Saturday, March 6, 2010

Why is a raven like a writing desk?



Last night I saw Tim Burton's latest project, Alice in Wonderland. For the record, I have been an fan of Lewis Carrol's escapist-fantasy since I was an ankle biter ... I've re-read it so many times and it remains as my favorite book of all time. I can open to any page and be amused, engrossed, filled with wonderment and deep nostalgia.

Tim Burton did an alright job on Alice in wonderland, basing it on mainly though the looking glass, the second book. The cast was promising, Helena Bonham Carter as the Red Queen, Anne Hathaway as the White Queen, Stephen Fry as the Cheshire Cat, Alan Rickman as Blue Caterpillar, Matt Lucas as Tweedledee and Tweedledum, the Australian beauty Mia Wasikowska as Alice, and of course Johnny Depp as The Mad Hatter.
 
The plotline along the lines of this;
 
"Alice Kingsley, now 19, attends a party at a Victorian estate shortly after the death of her beloved father. Alice spots a white rabbit wearing a waistcoat and pocket watch. In shock and confusion, she runs off into a maze and follows the White Rabbit through it. She eventually tumbles down a rabbit hole into Underland, more commonly referred to as "Wonderland" by its inhabitants. She had visited this place 10 years earlier, but had entirely forgotten about it. She is also told that she is the only one who can slay the Jabberwocky, the dragon who terrorizes the inhabitants of Wonderland under the rule of the Red Queen." (thanks Wikipedia!)
 
The story line was a decent adaptation of the book, but it missed out some of my favorite characters like the Mock Turtle and the Gryphon. I also missed allot of the original poetry including "The Walrus and the Carpenter" and "'Tis the Voice of the Lobster".

Tim Burton's vision for Alice in wonderland is sublime vision and set as is all of his films. I Had the luck of seeing it in 3D, and for anyone wishing to see it (which although its faults I encourage you too! (maybe because I'm such an Alice in wonderland nerd)) is the best way to watch it. The 3D effects added a whole new realm to the story making it so believable and at the same time unreal, the same feeling you get whilst reading the books.

I think the main problem with the movie was that it seemed like Burton couldn't decide whether to make it a children's movie or an adults. A technique which normally plays into Burton's movies (such as Charlie and the Chocolate Factory, James and the Giant Peach, Edward Scissorhands, Corpse Bride etc) didn't hit the spot right. The performances were good, with Helena Bonham Carter stealing the show as always, as well as Johnny Depp adding his cuckoo side (applied in Charlie in the Chocolate Factory) and notable mentions to Stephen Fry, Matt Lucas and Alan Rickman.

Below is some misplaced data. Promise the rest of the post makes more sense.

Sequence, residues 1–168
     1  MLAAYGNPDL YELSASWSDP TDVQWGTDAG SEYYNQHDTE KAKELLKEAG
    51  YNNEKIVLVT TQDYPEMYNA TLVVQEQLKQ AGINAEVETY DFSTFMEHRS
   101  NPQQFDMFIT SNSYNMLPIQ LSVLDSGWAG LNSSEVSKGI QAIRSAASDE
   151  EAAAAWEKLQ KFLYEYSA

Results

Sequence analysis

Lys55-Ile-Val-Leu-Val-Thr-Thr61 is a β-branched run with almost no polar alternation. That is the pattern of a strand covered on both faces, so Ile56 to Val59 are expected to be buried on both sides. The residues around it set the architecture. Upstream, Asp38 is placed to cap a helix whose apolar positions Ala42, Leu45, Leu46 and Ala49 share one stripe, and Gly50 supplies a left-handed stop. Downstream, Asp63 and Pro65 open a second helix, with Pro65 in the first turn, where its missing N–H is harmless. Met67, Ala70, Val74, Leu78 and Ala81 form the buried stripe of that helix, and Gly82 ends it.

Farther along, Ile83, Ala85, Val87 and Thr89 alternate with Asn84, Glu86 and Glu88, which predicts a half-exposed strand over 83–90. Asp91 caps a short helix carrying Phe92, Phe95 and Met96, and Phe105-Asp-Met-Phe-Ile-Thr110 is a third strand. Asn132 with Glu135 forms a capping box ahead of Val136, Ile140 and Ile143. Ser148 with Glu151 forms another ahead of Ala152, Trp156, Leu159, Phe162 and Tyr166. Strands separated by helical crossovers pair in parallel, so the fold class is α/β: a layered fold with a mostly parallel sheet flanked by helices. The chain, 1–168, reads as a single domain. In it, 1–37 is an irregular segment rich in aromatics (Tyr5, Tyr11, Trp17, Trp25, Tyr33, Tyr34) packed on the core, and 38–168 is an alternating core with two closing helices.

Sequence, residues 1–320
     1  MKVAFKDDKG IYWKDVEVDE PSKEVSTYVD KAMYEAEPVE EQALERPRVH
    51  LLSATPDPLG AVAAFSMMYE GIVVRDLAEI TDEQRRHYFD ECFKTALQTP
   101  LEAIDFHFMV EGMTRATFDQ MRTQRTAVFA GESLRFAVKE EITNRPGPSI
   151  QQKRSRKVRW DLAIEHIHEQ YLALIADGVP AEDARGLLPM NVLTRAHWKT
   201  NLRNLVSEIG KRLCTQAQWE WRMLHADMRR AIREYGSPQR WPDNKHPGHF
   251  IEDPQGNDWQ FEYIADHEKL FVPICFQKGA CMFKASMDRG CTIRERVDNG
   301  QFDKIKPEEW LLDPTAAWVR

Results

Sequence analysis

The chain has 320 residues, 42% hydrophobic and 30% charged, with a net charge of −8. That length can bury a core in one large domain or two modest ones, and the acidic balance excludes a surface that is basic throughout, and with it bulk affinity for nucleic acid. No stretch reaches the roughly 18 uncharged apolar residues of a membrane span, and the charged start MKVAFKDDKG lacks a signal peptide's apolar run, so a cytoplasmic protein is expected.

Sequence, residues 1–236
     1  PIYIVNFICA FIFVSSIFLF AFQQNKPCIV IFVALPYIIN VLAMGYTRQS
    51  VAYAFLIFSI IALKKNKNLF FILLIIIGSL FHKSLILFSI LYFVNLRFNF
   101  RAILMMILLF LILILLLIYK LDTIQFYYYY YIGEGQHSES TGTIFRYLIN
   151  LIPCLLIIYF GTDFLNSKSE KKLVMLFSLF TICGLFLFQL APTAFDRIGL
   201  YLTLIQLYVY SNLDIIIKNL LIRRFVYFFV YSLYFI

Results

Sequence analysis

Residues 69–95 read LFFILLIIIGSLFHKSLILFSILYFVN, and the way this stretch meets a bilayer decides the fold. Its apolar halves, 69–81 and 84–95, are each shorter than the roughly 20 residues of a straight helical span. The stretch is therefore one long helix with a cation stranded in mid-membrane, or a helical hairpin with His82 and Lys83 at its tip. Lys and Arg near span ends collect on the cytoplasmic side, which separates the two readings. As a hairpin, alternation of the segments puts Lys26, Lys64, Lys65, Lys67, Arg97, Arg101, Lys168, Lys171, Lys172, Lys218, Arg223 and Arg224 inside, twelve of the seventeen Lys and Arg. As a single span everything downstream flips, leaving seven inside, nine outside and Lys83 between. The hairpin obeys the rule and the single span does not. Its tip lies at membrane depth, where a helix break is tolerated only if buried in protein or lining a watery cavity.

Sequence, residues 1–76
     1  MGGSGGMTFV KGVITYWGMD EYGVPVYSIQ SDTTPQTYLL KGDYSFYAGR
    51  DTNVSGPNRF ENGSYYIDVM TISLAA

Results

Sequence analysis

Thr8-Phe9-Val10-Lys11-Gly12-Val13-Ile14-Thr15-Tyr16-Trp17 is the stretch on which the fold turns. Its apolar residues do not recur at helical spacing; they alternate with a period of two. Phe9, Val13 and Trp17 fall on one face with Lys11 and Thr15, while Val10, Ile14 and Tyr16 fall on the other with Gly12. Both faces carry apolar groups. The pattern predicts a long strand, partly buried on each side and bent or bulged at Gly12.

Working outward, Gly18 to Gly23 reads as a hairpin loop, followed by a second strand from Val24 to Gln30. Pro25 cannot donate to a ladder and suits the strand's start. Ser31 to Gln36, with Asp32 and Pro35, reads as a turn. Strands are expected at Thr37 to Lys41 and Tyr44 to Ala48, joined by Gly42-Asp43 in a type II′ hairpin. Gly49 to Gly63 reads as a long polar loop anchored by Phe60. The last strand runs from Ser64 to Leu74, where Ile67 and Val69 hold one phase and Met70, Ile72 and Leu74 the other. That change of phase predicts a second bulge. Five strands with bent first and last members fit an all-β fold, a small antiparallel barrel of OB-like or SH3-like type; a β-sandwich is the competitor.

On the downside of the acting was Anne Hathaway, whose characterisation was too over the top, leaving you annoyed with every mannerism that she pulled. Also I found Mia Wasikowska to be a tad wooden, but her performance improved though the movie (or maybe I noticed it less).

Despite the ill reviews I heard, I still fell in love with the world of wonderland all over again from the moment I sat down in the cinema. My eyes gleamed like a child once more.



and isn't that what's really important?

P.S although Carrol never wrote an answer to the riddle here's some:
-Because the notes for which they are noted are not noted for being musical notes.
-Because Poe wrote on both. -Because it slopes with a flap.
-Because they both come with inky quills.
-Because they both stand on sticks
-Because it can produce a few notes, tho they are very flat; and it is never put with the wrong end in front!”( In the original preface, “never” was spelled “nevar,” which is “raven” backwards)
-Because one is a rest for pens, the other is a pest for wrens
-Because Both are inked with blackness

My favorite one is:
-Because there is a B in both and an N in neither. (get it?)

2 comments:

  1. Great reveiw Stanton- I must see it in 3d soon.

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  2. Smarty film reviewer. Love the bit about ravens and suchforth.

    ReplyDelete